You need to bring a stick, a pole or even a ski pole as tarp shelter support. You can also use a pair of sticks for support and to give your shelter the A-shape design that you’ve seen on other tents.

Prevent Grommets from Tearing

Grommets are found at the tarp shelter’s corners. You must keep these from tearing since they will affect your shelter’s security during windy camping schedules. Bob Patterson of Mankato, Minnesota, a friend of mine, gave me this tip.

Bob Patterson

As a fireman and a brilliant individual when it comes to ropes and knot tying, he said that it is important to prevent eyelets from tearing by dispersing strain and stress caused by strong wind gusts.

Bob: http://survivalcommonsense.com/wp-content/uploads/2010/08/Patterson-mugshot2.jpg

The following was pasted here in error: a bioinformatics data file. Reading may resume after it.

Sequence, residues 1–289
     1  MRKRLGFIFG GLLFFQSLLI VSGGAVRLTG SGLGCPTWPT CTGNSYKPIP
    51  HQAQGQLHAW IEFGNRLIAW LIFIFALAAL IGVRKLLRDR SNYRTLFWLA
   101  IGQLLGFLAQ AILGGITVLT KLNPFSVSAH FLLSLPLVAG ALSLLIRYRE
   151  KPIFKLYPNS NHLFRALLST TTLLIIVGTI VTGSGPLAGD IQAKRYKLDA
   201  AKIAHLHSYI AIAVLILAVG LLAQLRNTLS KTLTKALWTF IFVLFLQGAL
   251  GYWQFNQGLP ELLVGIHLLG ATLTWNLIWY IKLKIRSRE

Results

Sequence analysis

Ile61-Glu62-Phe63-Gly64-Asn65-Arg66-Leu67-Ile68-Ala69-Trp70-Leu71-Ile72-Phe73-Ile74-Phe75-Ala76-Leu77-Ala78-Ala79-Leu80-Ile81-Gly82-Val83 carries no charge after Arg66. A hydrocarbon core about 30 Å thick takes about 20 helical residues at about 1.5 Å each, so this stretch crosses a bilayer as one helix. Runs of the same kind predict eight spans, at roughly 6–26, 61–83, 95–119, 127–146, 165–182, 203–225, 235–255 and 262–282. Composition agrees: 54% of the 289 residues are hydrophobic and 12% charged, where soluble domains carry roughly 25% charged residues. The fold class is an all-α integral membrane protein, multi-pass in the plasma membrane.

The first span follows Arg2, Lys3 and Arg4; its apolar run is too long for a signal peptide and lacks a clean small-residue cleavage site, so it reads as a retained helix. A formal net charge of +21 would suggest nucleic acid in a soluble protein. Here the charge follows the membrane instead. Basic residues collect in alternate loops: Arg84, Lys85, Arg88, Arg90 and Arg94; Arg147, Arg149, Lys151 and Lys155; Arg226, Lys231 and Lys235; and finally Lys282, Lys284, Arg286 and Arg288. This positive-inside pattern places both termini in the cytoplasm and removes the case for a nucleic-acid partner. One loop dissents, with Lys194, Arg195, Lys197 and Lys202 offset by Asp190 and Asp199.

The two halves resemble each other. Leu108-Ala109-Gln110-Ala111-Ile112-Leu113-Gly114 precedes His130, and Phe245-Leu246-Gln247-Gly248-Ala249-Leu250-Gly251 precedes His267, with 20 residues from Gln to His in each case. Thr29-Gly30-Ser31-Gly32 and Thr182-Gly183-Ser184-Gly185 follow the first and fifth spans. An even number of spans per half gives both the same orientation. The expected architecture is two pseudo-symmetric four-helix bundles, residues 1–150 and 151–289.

Thread a paracord in between the three eyelets set on a corner. Loops will then be threaded via a carabiner. Dispersing the pressure between the eyelets, it prevents a single grommet from receiving strong pressure or strain. Check this video to see how this concept works.

Don’t let nasty weather changes affect your campouts. Keep your tarp shelter in a secured spot through these tips, which will help you survive the harsh weather changes while outdoors.

Watch this video:
http://youtu.be/7E-r23PAKV0

Tags

Camping, Outdoor, Safety, Shelter, Tent

Meet the author

author avatar chrisp
I'm web developer and internet marketeer experienced in key technologies to make your online business blossom. Also, i'm a passionate gadget lover, Android enthusiast and technology addict.

Share this page

moderator Steve Kinsman moderated this page.
If you have any complaints about this content, please let us know

Comments

Add a comment
Username
Can't login?
Password